Justice Stevens wrote for the majority, stating, "We need no empirical data to credit TSSAA's common-sense conclusion that hard-sell tactics directed at middle school students could lead to exploitation, distort competition between high school teams, and foster an environment in which athletics are prized more highly than academics." (8)
One of the biggest environmental law cases of the term may end up being more important for its wide effect on the global warming debate than for the more narrow statutory interpretation issue it actually resolved. (9) For this case, Justice Kennedy switched sides and voted with the four more liberal justices.
In Massachusetts v. EPA, the Court ruled 5-4 that Greenhouse Gases (GHG) qualify as an "air pollutant" under the Clean Air Act, and that therefore the Environmental Protection Agency (EPA) has the authority to regulate their emissions. And, according to the Court, the EPA should regulate unless it determines that such gases are not a contributing factor to climate change, or provides another explanation for not exercising this discretion, not based simply on policy judgments or uncertainty surrounding various aspects of climate change. (10)
One environmental law expert has described Massachusetts v. EPA as "the most memorable environmental decision since Hill v. TVA" (the case that decided, in 1976, that the Endangered Species Act could bar federal agency actions that jeopardized species). He noted that the decision will be widely viewed as having put the Court's "imprimatur" on the scientific linkage of Greenhouse Gas emissions to global warming, and that now "a spate of legislation addressing GHG emissions, global warming, and climate change seems certain to follow and is already beginning to appear at every level of government." (11)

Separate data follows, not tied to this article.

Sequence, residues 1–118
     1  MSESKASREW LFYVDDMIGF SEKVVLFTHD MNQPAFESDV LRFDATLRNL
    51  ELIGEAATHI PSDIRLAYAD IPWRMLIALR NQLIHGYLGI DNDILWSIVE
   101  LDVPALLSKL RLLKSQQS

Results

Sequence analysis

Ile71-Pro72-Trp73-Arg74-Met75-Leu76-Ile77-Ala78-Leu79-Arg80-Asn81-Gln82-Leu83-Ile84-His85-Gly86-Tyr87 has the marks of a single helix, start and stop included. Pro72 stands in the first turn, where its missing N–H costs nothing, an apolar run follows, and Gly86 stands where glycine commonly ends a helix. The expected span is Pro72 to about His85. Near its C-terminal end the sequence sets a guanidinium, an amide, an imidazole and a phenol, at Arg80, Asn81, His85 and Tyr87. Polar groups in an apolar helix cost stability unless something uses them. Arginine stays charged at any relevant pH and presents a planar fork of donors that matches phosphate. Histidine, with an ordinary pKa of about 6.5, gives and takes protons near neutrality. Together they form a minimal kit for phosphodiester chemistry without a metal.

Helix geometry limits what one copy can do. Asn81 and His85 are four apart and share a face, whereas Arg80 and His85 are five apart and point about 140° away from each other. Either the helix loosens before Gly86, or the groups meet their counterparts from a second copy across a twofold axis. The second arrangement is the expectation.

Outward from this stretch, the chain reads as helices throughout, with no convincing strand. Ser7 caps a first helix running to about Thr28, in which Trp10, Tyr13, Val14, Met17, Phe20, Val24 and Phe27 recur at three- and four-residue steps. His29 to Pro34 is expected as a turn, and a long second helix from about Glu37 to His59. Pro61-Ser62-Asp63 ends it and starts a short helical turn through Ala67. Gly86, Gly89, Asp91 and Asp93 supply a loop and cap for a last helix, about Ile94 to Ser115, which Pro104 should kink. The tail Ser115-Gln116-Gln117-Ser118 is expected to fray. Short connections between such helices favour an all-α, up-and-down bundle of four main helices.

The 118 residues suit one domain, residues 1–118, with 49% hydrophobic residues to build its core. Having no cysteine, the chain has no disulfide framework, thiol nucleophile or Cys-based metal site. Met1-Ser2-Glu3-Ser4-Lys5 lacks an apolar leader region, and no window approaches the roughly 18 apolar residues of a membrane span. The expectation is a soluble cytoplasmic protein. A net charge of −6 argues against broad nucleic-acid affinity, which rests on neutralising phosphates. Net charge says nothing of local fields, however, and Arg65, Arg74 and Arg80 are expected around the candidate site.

Writing for another 5-4 majority in Gonzales v. Carhart, Justice Kennedy upheld the constitutionality of the Partial Birth Abortion Ban Act of 2003, which bars certain late-term abortion procedures known in the medical profession as "intact dilation and extraction." (12) The respondents in this case had argued that the law was unconstitutional on its face, in light of its failure to include an explicit exception for the health of the mother. But Justice Kennedy, noting that "respect for human life finds an ultimate expression in the bond of love the mother has for her child," reasoned that because of the government's interest in protecting potential life, Congress could decide to forgo a health exception in the face of medical disagreement over the impact of the intact D&E ban on women's health. (13) Justice Ginsburg--the only woman currently serving on the Court--issued a stinging dissent that she read orally from the bench.